Autonomous Relative Navigation for Small Spacecraft

Daan Maessen

Research output: ThesisDissertation (TU Delft, preparation external)


Spacecraft formation flying, i.e. the maintenance of a specific relative motion between two or more spacecraft, is considered to be a new and enabling technology in space engineering. However, it is almost as old as spaceflight itself. It has been performed since the American Gemini missions in the 1960s. However, what sets the "new" formation flying missions apart from the "old" formation flying missions is that the "new" missions rely on a certain amount of autonomy for the spacecraft, enabling them to maintain the formations with little to no human intervention. This autonomy saves cost in ground operations and enables missions that are not feasible when formation control needs to be performed using ground operators. Spacecraft formations are a subclass of distributed space systems. In these systems, multiple spatially separated platforms are used to fulfill the mission objectives. Performing space missions using spacecraft formations brings several advantages over the more traditional monolithic spacecraft design, but also comes with new challenges. It enables for instance challenging missions where a very high angular resolution is required of the object to be studied or where single-pass interferometric measurements are needed. In addition, missions can be made intrinsically redundant or failure tolerant: If one spacecraft in a formation fails, the mission is not necessarily lost. Spacecraft formations can also be considered for missions where a formation is not strictly necessary but which would require a very complex, and thus costly, monolithic spacecraft (e.g., Envisat). Such a complex spacecraft with many different payloads that all have conflicting requirements could be split intomultiple smaller spacecraft that are optimized for one or two payloads. However, formation flying also adds complexity atmission level since multiple spacecraft need to be built, tested, and launched. Once in orbit, these spacecraft also need to be brought and kept in a certain configuration for the entire mission duration. This also requires additional subsystems on each spacecraft in order to determine and maintain the positions and velocities of the spacecraft relative to each other and to avoid spacecraft collisions. In the last decade, much research has been performed in the field of spacecraft formation flight. However, much of this research has focused on specific missions, the modeling of the orbital dynamics, or efficient formation control and collision avoidance algorithms. In the field of navigation for formation flying spacecraft, several important aspects still need further investigation. For instance, it is not known how the ranging accuracy, intersatellite distance, and antenna baseline (i.e., the distance between two antennas on the same spacecraft) impact the accuracy in the estimation of the relative positions and velocities, or ’state’, of the spacecraft. If the ranging accuracy is increased by a factor two and the inter-satellite distance is also increased by a factor two, will the accuracy in the estimation of the relative state remain the same or not? This is important to know since spacecraft formations should preferably consist out of relatively small spacecraft (otherwise the total mission costs will quickly become prohibitive) and these small spacecraft are limited in terms of power, mass, and volume. Furthermore, it is also not known if the type of relative orbit has an impact on the estimation of the relative state. Perhaps one type of relative orbit will lead to intrinsically better relative state estimates than another type of relative orbit. Lastly, it is known that a large relative out-of-plane motion of the spacecraft leads to more accurate relative state estimates because of the favorable viewing geometry. In fact, a very small relative out-of-plane motion will even cause the estimation process to fail. However, it has never been quantified how small the relative out-of-plane motion can be before the estimation process will fail. In order to improve the knowledge in the areas discussed in this paragraph, the following research questions have been formulated at the start of the research. These research questions are answered in this thesis.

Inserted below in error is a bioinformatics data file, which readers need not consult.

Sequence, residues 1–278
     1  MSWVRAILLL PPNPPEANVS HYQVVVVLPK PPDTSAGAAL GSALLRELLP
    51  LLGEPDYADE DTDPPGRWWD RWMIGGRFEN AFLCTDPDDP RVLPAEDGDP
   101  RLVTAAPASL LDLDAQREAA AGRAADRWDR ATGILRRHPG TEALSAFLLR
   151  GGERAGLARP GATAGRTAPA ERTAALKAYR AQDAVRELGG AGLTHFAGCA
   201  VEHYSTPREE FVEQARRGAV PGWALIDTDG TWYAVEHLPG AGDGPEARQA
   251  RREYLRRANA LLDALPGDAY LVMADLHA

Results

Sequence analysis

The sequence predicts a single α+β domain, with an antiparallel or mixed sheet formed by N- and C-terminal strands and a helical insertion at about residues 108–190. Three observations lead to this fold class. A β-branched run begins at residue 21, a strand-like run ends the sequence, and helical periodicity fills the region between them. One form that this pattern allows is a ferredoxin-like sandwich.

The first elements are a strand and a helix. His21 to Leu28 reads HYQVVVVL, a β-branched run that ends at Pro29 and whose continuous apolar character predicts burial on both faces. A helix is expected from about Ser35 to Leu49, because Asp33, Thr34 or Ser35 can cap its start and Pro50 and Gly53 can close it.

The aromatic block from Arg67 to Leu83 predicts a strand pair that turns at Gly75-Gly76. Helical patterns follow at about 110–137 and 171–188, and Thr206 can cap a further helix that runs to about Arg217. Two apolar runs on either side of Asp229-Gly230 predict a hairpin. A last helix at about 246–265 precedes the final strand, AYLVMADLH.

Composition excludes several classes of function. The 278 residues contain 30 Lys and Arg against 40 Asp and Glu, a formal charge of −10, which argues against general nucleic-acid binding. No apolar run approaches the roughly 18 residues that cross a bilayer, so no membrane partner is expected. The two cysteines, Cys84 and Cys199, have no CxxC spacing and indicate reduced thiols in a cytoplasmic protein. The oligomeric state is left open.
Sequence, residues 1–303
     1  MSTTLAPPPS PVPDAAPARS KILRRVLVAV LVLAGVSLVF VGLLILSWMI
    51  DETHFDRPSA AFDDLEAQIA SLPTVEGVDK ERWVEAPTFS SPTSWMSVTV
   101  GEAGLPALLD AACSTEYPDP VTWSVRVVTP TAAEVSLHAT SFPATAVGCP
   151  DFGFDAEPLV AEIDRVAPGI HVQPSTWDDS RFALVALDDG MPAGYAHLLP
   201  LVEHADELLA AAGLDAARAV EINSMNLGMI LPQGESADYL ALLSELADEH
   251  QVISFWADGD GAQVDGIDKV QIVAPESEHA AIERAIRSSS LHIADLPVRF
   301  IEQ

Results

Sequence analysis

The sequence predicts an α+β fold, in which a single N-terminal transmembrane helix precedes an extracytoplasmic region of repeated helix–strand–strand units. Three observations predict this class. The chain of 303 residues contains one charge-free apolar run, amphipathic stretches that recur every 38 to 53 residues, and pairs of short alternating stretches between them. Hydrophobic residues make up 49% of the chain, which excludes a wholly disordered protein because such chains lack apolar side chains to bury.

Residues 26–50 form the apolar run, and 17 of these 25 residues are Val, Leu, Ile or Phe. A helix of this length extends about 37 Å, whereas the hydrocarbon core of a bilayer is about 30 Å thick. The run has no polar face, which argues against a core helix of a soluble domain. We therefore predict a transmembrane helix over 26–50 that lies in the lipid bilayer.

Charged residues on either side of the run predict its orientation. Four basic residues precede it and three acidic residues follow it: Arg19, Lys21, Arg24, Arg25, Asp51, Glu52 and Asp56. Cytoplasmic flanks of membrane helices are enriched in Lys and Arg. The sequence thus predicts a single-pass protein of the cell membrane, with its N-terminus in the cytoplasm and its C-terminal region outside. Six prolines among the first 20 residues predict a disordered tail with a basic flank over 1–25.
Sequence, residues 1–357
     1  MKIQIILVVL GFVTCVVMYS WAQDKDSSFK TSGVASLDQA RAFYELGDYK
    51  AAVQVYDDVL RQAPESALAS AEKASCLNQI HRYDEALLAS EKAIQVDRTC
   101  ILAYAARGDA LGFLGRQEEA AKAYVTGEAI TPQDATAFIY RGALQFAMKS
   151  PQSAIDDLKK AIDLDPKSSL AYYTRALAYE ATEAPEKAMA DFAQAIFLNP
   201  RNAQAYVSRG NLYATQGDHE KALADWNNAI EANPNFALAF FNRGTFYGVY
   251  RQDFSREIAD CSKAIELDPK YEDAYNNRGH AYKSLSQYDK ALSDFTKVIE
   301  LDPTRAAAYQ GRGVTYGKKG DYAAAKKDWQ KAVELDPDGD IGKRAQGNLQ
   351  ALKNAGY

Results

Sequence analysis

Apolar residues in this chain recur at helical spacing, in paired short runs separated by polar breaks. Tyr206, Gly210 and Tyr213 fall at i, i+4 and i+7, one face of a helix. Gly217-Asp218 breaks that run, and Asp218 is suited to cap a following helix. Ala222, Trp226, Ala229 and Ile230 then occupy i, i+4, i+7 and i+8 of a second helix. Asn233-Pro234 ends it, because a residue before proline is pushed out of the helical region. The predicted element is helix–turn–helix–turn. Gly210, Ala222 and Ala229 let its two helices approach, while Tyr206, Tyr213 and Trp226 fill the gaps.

Original languageEnglish
QualificationMaster of Science
  • Gill, E.K.A., Supervisor
Award date2 Sept 2014
Print ISBNs978-90-8891-938-1
Publication statusPublished - 2014


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